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|Title:||Studies in Hawaiian Rutaceae, II. Identity of Pelea sandwicensis|
|Authors:||Stone, Benjamin C.|
|Publisher:||University of Hawai'i Press|
|Citation:||Stone BC. 1962. Studies in Hawaiian rutaceae, II. Identity of Pelea sandwicensis. Pac Sci 16(4): 366-373.|
|Abstract:||The Hawaiian rutaceae, comprising the
three indigenous genera Pelea, Platydesma, and
Fagara, include some 70 or 80 species all of
which are trees or shrubs. Individuals of various
species of Pelea, in particular, constitute an important
element in much of the Hawaiian vegetation.
The genus Pelea (commemorating Pele,
goddess of Hawaiian volcanoes) was established
by Asa Gray, who described several species.
Gray's student Horace Mann botanized in the
Hawaiian Islands with William Brigham, collected
on several islands, and published several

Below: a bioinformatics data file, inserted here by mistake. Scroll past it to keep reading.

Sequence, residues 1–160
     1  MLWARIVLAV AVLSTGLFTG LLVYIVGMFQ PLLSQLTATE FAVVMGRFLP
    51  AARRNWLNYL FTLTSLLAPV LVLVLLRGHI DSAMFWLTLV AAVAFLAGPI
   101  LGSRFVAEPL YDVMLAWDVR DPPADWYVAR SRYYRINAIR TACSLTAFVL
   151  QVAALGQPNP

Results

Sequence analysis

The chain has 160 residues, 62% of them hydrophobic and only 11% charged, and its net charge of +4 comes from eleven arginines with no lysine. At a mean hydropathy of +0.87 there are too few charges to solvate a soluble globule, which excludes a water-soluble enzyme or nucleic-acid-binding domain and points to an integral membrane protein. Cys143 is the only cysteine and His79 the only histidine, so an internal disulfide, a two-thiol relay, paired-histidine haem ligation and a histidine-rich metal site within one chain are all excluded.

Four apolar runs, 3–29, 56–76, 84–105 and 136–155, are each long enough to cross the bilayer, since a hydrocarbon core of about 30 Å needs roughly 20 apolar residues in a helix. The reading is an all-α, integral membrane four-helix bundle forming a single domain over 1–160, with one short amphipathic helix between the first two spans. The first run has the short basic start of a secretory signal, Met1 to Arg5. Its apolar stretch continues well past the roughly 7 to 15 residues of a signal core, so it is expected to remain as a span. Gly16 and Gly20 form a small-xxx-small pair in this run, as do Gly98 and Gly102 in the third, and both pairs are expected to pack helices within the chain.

important works on the taxonomy of Hawaiian
plants. One of Mann's special interests was the
Hawaiian Ruraceae, and in a revision of these
plants (in 1866) he described several new species
and established the endemic genus Platydesma.
Later, in his incomplete Flora of the Hawaiian
Islands, Mann presented a detailed treatment of
Pelea. It is from the original description of. Pelea sandwicensis according to Gray, and from
Mann's writings, that a long-held misconception
of the identity of this perplexing species
|Appears in Collections:||Pacific Science Volume 16, Number 4, 1962|
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